Another baffling case as foreign accent syndrome (an actual medical condition) strikes again. When will a cure emerge? I prescribe being wrapped tightly in an American flag for two days, followed by 10 cc’s of apple pie. Spokane, WA’s Spokesman-Review reports:
Over the next few days, the swelling subsided and the pain vanished, but Butler’s newly acquired accent did not. Though it has softened over time, she’s never again spoken like a native Oregonian from Madras. To most people, she sounds British.
It took months to find an explanation: foreign accent syndrome, a disorder so rare that only about 60 cases have been documented worldwide since the early 1900s.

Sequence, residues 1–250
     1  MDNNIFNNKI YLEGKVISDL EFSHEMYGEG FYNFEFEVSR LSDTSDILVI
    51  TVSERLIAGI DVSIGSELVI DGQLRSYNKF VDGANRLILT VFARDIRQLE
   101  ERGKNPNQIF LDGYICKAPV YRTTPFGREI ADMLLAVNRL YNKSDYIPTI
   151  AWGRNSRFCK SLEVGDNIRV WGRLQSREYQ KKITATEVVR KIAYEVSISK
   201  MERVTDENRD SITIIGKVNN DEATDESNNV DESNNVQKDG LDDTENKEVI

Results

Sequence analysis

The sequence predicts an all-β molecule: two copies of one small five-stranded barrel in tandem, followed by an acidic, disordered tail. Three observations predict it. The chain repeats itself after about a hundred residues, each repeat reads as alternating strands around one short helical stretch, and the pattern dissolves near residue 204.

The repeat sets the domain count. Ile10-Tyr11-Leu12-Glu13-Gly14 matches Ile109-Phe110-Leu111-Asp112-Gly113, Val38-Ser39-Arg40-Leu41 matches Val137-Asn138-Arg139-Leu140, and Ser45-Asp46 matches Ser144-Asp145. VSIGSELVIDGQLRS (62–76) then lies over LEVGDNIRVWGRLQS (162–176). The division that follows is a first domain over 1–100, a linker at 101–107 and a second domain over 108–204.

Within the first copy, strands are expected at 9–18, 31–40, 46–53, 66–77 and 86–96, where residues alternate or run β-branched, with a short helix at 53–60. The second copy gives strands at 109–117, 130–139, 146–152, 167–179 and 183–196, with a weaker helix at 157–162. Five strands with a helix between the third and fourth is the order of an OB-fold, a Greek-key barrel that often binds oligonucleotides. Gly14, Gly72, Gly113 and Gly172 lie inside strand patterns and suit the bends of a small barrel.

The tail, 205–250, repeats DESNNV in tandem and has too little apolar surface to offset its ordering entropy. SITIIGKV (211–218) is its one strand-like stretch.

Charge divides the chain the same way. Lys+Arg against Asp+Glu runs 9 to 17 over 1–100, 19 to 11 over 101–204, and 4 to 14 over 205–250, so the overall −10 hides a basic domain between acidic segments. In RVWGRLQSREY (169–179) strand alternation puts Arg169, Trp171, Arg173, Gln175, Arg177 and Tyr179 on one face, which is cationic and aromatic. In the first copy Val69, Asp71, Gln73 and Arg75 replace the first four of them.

Foreign accent syndrome is usually caused by a stroke, though it also has been associated with multiple sclerosis, head injuries and migraines.
One of the first cases was reported at the turn of the last century by a French neurologist. But the best known case, documented by Norwegian neurologist Georg Herman Monrad-Krohn, was a 30-year-old woman who was hit by shrapnel from a German air raid over Oslo in 1941. The injury left her with a speech impairment that gradually improved, turning into what sounded like a German accent to her countrymen. Suspecting that she was a collaborator, they ostracized her.